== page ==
CemarkingDubai Blog

EXPORTING TO EUROPE: WHAT YOU NEED TO KNOW ABOUT CE MARKING

Manufacturers exporting products to Europe should determine whether their products must be certified with a CE marking that specifies compliance with the European Union's health, safety and regulatory needs.

The CE marking, “Conformité Européenne," is mandatory for many products exported to Europe. The good news for exporters is that CE certification covers all of the European Economic Area (EEA), which includes 28 EU countries, as well as Iceland, Lichtenstein, and Norway.

“Often the CE marking is described as a trade passport because it allows the free movement of products within the European market," says Han Zuyderwijk, a CE marking expert and president of The Alura Group, based in The Netherlands.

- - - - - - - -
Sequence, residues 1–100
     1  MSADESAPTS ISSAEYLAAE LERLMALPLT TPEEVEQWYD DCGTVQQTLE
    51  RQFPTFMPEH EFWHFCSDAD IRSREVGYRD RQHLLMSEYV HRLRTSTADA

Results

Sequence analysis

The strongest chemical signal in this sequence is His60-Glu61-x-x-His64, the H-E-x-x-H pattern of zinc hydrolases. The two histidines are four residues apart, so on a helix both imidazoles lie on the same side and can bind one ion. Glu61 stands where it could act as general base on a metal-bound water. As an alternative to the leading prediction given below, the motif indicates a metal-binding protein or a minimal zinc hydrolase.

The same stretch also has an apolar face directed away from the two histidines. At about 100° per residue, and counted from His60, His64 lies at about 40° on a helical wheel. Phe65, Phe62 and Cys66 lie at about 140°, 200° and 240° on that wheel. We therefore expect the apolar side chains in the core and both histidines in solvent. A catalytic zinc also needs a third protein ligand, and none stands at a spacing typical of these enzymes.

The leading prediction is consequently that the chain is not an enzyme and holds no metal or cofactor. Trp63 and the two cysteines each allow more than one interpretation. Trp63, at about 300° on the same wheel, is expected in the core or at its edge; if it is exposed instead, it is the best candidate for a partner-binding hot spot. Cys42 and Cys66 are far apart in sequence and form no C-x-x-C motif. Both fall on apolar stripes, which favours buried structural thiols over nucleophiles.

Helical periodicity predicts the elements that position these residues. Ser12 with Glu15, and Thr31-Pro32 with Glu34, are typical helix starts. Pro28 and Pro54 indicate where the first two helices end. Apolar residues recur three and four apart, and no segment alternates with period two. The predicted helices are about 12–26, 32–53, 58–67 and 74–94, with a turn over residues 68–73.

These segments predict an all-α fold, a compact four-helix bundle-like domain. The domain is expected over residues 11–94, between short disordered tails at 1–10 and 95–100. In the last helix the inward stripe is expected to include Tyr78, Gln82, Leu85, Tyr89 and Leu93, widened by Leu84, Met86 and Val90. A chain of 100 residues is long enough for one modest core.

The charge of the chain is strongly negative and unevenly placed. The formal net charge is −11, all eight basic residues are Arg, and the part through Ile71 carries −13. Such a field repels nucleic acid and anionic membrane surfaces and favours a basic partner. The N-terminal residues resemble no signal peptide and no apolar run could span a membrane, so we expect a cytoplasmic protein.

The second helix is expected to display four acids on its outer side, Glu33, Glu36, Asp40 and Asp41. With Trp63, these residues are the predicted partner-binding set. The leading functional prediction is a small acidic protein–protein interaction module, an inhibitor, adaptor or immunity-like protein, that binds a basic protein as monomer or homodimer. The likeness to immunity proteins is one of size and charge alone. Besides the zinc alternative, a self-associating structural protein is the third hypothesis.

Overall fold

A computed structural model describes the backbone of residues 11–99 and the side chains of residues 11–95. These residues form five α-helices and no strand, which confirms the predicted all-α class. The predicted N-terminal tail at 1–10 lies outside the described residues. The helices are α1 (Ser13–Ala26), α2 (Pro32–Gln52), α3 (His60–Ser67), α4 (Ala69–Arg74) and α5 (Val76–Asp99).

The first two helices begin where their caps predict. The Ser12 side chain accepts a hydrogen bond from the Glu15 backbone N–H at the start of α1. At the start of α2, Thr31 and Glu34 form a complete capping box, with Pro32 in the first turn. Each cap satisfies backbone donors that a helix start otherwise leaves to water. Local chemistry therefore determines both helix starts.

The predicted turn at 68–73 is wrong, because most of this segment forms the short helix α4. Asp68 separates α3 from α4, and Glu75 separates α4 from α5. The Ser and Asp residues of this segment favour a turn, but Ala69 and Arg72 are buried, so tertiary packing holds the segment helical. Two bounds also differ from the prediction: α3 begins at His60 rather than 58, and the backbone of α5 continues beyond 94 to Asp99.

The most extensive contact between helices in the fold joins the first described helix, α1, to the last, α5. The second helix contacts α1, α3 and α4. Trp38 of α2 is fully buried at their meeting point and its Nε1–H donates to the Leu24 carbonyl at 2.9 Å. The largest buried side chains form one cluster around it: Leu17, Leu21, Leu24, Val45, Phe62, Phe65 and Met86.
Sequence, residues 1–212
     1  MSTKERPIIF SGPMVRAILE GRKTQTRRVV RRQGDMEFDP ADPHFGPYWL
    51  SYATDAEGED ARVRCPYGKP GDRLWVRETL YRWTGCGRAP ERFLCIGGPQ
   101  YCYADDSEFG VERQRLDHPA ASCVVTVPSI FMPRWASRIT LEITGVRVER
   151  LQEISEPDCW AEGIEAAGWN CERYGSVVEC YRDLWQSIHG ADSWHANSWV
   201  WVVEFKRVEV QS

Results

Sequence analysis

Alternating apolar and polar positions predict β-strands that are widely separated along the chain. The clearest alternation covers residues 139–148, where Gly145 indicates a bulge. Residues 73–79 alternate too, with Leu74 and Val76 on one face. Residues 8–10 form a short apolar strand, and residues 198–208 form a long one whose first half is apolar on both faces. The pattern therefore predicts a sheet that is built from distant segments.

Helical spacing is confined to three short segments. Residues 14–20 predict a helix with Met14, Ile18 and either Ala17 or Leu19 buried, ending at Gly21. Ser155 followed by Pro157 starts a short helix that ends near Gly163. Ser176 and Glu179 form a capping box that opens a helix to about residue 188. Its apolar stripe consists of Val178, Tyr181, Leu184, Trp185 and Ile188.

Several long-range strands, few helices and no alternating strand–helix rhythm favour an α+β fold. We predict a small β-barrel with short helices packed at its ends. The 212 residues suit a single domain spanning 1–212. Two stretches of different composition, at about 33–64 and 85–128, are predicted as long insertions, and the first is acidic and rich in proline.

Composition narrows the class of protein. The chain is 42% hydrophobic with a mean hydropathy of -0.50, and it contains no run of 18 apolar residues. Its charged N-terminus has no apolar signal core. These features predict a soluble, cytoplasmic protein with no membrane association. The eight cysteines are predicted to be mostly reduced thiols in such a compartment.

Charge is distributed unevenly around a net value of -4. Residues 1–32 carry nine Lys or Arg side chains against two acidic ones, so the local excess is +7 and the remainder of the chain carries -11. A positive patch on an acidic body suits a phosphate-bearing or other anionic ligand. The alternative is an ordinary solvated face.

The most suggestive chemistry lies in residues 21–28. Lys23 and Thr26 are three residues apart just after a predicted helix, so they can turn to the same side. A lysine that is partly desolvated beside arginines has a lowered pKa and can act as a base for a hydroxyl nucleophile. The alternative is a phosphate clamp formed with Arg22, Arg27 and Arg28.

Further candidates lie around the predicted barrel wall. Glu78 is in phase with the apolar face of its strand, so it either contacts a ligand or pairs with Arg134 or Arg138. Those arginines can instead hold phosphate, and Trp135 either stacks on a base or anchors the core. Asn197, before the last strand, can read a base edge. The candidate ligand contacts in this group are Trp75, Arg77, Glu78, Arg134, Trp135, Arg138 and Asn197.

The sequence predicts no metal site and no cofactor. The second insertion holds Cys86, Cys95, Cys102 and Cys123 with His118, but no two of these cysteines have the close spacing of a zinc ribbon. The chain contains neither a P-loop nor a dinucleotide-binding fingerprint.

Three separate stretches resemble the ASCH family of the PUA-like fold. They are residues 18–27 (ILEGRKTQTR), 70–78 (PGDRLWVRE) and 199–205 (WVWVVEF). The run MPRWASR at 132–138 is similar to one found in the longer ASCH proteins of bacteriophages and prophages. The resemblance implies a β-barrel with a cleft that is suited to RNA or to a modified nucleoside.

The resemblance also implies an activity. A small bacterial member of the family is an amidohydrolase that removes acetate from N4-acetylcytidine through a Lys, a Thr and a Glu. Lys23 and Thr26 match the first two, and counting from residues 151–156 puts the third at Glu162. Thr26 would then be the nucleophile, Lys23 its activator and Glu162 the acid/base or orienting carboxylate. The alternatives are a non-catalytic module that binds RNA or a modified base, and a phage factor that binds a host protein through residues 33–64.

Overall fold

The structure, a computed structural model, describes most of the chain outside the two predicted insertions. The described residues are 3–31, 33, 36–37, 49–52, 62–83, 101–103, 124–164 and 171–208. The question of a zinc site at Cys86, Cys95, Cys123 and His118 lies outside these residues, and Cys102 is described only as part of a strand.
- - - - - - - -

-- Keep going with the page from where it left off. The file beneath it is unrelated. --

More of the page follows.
For American exporters, products that meet U.S. testing and certification needs still have to be separately certified for compliance with EU standards. It also is significant to remember that the CE marking is an indicator, but not proof, of a product's compliance with European Union regulations. “If your product comes under the scope of a directive needing CE marking, you must confirm the product complies with the applicable necessities, and affix the CE mark before placing it in the market in the EEA," says Zuyderwijk.

Does My Product Require Certification?

Determining whether CE marking is mandatory for your products can be a complex undertaking. Products needing certification range from electronics and hot-water boilers to medical devices and toys. Figuring out which products need certification requires knowledge and expertise about more than two dozen EU directives. For U.S. exporters, this means developing in-house expertise or working with a third party that understands and monitors CE marking requirements.

Under what is called the “New Approach directives," the EU has provided mandates to various European standards organizations to develop technical guidelines that meet the important health and safety requirements of CE marking regulations. “For higher-risk products," adds Zuyderwijk, “the EU Commission still needs a third party to confirm that a product is safe to be put into service in the EU."